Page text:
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Canadian musicians among credits for Beyonce's two new country-tinged songs

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Two surprise Beyoncé songs revealed during Sunday's Super Bowl game are stacked with contributions from Canadian musicians and songwriters.

The Grammy-winning pop singer gave fans a taste of her upcoming album with the country-infused tracks “Texas Hold ’Em” and “16 Carriages."

"Texas Hold 'Em" was co-written by Calgary's Elizabeth Lowell Boland, better known as singer Lowell. She also contributes piano to the song.

German-Canadian pop singer Megan Bülow, who performs as Bülow, also wrote on the track, while Nathan Ferraro of the Ontario alt-pop band the Midway State is credited as a producer, bassist and pianist. His past work includes songs with pop singers Charli XCX, Alessia Cara and Ralph. 

"16 Carriages" features multiple contributions by Dave Hamelin who rose to prominence in the Montreal rock band the Stills.

Among his many credits on the song, he's listed as a producer, organist, guitarist and recording engineer.

Both tracks are expected to appear on Beyoncé's "Act II," the second part of her anticipated "Renaissance" album trilogy, set for release on March 29.

Several of the Canadian creators took to their social media accounts to acknowledge their roles in Beyoncé's new music. Lowell, who's co-written for Tate McRae and the Backstreet Boys in recent years, posted a TikTok video of herself dancing to the song.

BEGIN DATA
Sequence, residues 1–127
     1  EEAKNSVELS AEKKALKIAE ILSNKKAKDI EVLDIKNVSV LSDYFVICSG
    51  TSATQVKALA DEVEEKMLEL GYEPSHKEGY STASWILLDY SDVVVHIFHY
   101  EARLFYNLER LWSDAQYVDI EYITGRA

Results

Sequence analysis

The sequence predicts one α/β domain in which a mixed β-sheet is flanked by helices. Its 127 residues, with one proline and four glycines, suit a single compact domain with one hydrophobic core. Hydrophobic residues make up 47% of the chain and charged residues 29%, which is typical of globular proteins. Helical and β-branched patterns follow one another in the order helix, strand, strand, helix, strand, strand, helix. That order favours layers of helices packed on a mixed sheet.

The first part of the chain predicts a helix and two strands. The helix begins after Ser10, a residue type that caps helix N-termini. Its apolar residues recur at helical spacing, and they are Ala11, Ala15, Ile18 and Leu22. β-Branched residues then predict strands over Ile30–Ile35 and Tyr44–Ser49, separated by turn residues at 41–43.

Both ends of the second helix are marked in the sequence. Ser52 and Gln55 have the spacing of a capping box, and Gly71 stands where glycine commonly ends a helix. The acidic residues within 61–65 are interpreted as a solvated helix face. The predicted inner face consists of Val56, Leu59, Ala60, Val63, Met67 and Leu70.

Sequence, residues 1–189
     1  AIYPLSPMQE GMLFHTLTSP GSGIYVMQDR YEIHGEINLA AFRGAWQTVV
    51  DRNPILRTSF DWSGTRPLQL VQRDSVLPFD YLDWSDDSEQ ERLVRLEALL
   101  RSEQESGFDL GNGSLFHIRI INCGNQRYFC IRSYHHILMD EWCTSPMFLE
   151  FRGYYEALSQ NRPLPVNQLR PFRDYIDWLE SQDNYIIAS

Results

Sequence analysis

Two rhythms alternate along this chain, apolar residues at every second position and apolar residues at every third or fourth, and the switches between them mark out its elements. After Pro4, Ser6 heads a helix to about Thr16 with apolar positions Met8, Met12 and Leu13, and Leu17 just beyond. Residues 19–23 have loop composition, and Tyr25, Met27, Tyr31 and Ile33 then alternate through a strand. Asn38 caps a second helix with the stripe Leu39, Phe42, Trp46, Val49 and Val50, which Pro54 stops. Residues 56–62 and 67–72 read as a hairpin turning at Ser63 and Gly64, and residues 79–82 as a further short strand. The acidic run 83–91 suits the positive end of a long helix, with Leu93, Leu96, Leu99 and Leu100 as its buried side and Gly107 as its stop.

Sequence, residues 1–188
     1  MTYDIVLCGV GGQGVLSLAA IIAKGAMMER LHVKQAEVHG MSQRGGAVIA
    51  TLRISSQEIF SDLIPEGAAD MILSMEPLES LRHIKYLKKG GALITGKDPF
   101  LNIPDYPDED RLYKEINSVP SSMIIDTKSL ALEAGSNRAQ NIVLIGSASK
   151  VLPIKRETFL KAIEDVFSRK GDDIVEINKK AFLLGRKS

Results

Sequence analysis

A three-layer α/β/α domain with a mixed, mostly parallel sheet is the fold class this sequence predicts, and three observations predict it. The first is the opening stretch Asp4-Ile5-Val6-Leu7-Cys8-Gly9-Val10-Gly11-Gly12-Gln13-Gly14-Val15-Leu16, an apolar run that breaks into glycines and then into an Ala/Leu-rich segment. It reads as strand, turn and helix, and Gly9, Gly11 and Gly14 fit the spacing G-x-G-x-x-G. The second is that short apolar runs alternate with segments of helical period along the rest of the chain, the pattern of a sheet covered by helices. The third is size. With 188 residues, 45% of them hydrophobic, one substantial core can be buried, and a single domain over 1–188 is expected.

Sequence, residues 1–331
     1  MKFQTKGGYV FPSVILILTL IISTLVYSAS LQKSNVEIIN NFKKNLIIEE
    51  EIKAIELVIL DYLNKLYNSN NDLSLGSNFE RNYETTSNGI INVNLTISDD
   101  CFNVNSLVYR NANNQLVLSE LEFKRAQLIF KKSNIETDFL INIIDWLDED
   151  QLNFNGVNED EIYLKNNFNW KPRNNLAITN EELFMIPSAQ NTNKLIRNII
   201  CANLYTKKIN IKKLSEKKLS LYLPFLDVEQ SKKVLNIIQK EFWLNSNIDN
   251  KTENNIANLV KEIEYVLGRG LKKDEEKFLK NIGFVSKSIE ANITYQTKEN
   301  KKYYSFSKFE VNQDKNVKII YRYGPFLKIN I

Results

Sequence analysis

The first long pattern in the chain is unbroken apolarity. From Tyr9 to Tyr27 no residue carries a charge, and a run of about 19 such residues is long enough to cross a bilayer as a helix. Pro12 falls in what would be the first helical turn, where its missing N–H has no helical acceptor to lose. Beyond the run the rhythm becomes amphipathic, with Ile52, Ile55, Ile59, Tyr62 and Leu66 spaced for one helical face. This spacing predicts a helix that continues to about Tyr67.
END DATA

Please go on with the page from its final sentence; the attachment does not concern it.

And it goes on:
"Grew up in Calgary the country capital of Canada.... Rodeo'd my way to Hollywood!" she wrote in a caption.

Bülow thanked Beyoncé in her Instagram post, adding: "I could’ve never have dreamed up writing for you."

Both Beyoncé songs appear to include little, if any, ties to the Nashville country music scene which famously snubbed her country single "Daddy Lessons" in 2016. That year, her song wasn't nominated in any of the country music categories at the Grammys.

A report by The Associated Press cited an anonymous source as saying "Daddy Lessons" had been submitted by Beyoncé. Still, it was rejected by the Recording Academy’s country music committee, and as a result could not considered for categories that included best country song and country solo performance.

This report by The Canadian Press was first published Feb. 12, 2024

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